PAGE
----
Vornado's intentions, however, may be revealed by a deal it didn't do: the $1.2 billion purchase of Mervyn's, a 257-department store chain based in Hayward, Calif., that was previously owned by Target. Vornado was outbid by a group that included Florida retail investment firm Sun Capital Partners Inc., New York hedge fund Cerberus Capital Management LP, and a joint venture of Chicago's Klaff Realty LP and Philadelphia-based investment fund Lubert-Adler Management Inc.

Mervyn's, with a real estate portfolio of more than 20 million square feet, is less than one-seventh the size of Sears. But common strategies may be at work in both deals, say investors who specialize in buying and reselling sluggish retail stores.

Like Sears, Mervyn's had struggled for years to find a lucrative place in a retail environment increasingly dominated by discounters and high-concept specialty stores. While the Sun group plans keep the chain open, one executive familiar with the group's strategy said it will evaluate every store individually to decide whether it would generate more profit to operate the store or to sell the underlying real estate. The group is already considering spinning off 40 of the stores to J.C. Penney Co., according to published reports.

A typical analysis would work this way: Suppose Mervyn's has an 80,000-square-foot store on a prime corner in the San Francisco Bay area that pulls in a profit of around $2 million a year. Over 10 years that would add up to $20 million in profits for the store's investors. But in some cases, a major reason for that profit is that Mervyn's has an especially low occupancy cost because it built or leased the store years ago when a mall owner wanted to lure it in as a tenant. In that kind of scenario, the store could make money, even though Mervyn's average sales of $165 a square foot lag the industry.

For a traditional retailer, the analysis would end there and the store would stay open. But an investor like Roth or Lampert would measure the store's value more rigorously.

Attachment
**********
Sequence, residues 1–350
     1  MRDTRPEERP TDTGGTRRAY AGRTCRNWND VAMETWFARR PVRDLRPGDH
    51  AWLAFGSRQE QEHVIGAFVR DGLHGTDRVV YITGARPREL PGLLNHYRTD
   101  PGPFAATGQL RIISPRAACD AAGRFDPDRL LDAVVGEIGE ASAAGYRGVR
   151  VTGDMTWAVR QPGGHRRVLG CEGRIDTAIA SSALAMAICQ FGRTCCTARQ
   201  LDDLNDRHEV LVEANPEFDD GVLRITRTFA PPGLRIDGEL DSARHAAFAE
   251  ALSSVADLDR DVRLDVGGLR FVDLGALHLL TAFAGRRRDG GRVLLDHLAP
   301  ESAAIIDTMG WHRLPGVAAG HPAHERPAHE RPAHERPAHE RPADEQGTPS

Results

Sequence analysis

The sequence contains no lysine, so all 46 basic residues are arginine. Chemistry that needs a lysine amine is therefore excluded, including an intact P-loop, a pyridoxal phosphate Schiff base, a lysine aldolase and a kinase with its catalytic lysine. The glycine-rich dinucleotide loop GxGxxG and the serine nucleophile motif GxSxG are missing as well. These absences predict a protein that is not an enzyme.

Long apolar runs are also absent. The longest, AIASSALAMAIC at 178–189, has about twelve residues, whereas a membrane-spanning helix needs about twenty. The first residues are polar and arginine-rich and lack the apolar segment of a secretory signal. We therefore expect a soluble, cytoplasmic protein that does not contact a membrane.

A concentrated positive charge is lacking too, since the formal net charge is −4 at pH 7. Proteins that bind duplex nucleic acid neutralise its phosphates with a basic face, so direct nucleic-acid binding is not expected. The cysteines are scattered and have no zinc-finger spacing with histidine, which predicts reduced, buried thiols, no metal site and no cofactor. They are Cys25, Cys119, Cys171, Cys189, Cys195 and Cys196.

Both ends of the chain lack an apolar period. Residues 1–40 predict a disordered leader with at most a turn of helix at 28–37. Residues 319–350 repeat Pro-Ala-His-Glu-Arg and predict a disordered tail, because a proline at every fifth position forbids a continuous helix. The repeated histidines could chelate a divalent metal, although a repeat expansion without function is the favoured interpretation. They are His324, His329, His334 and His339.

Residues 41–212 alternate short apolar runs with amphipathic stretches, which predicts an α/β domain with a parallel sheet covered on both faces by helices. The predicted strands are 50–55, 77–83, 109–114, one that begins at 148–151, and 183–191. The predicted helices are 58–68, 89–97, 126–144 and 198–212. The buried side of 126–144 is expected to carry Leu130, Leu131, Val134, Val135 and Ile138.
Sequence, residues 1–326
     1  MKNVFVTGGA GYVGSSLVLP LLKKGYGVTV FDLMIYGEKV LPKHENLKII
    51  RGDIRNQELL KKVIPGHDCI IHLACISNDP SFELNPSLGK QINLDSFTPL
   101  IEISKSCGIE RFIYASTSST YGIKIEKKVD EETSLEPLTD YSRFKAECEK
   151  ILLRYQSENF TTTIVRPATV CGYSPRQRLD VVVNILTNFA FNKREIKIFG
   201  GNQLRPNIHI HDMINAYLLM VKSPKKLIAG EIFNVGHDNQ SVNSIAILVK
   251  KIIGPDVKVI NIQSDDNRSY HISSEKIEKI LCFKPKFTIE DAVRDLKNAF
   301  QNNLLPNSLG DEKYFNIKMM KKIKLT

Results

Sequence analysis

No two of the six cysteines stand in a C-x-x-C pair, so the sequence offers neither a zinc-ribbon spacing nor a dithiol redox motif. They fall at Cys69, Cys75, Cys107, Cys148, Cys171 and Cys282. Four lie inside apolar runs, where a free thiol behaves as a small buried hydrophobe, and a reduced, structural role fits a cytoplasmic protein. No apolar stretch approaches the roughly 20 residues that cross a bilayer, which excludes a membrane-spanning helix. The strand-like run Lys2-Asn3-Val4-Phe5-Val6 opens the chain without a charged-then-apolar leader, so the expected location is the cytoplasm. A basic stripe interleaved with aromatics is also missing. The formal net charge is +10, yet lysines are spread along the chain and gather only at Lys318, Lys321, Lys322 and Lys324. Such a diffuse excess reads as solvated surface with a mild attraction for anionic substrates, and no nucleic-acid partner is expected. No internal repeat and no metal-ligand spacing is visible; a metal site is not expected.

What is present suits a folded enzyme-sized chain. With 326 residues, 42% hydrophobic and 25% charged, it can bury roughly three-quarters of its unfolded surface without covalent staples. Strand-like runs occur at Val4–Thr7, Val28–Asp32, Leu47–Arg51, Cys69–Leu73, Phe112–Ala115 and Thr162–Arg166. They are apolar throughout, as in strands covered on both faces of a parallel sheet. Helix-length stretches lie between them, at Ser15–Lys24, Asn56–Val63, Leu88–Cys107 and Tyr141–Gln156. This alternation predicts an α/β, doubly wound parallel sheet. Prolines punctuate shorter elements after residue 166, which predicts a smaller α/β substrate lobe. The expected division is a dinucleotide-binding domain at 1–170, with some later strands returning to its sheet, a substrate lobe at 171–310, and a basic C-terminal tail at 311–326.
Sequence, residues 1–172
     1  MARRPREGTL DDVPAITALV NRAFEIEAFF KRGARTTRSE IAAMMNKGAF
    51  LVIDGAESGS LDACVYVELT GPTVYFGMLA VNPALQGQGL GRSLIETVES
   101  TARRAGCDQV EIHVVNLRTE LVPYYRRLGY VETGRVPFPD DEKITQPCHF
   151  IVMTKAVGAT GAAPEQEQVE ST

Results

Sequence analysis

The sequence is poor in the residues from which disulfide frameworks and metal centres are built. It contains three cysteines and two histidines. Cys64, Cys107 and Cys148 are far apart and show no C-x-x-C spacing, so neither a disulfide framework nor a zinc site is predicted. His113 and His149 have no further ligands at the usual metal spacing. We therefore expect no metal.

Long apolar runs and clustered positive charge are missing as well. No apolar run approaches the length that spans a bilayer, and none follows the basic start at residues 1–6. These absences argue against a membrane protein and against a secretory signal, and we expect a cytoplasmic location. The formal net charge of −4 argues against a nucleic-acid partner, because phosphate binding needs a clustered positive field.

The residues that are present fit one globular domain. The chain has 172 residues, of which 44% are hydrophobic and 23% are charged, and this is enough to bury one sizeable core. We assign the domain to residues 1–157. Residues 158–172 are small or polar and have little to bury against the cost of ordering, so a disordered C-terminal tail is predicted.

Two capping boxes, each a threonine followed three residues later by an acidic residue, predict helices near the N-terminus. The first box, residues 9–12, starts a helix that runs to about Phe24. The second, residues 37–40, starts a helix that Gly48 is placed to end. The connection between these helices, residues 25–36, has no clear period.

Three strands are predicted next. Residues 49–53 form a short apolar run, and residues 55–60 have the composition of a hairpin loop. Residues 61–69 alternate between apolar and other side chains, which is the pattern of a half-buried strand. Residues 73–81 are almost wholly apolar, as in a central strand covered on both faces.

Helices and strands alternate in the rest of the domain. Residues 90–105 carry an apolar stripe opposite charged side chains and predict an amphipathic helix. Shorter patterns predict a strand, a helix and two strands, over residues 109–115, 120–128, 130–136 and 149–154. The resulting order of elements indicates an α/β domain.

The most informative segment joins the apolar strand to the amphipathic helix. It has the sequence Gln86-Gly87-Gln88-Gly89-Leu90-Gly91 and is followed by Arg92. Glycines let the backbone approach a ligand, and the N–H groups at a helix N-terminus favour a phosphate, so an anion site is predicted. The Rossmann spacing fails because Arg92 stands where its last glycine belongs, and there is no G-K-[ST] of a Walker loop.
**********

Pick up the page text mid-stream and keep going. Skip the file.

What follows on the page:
If the site was attractive enough, a rival retailer with sales per square foot of $250 or $300 would likely be willing to pay a much higher lease rate, sometimes 50 percent or more. That presents an opportunity to sublease the space or negotiate a deal under which the mall owner would pay Mervyn's to buy out the lease. If that creates a profit in excess of the $20 million investors would earn from keeping the store open, then it probably makes sense to take the cash and close the store.

At the same time, preserving Mervyn's as an operating company serves two purposes. Stores that are profitable enough to be kept open can be packaged into a new company, fixed up and resold later. More important, if a store buyer thought Mervyn's was liquidating, it would reduce the seller's leverage in any negotiation.

This is an oversimplification of the strategy. There are all sorts of other considerations that go into the calculation, from common area maintenance charges to closure costs to the net effect on the chain's distribution system. But in the end it comes down to this question: If you keep the store open--even a profitable one--are you missing the chance to sell it for an even greater profit?

Sears, of course, would be much more difficult to analyze and restructure than Mervyn's. Sears has more than 141 million square feet of retail space, according to its annual report. It owns almost 60 percent of its 871 full-line stores, which are primarily located in large shopping centers. Those stores alone total 128 million square feet. Sears also has 345 specialty stores, including 245 hardware stores and 18 focused on home decorating and remodeling.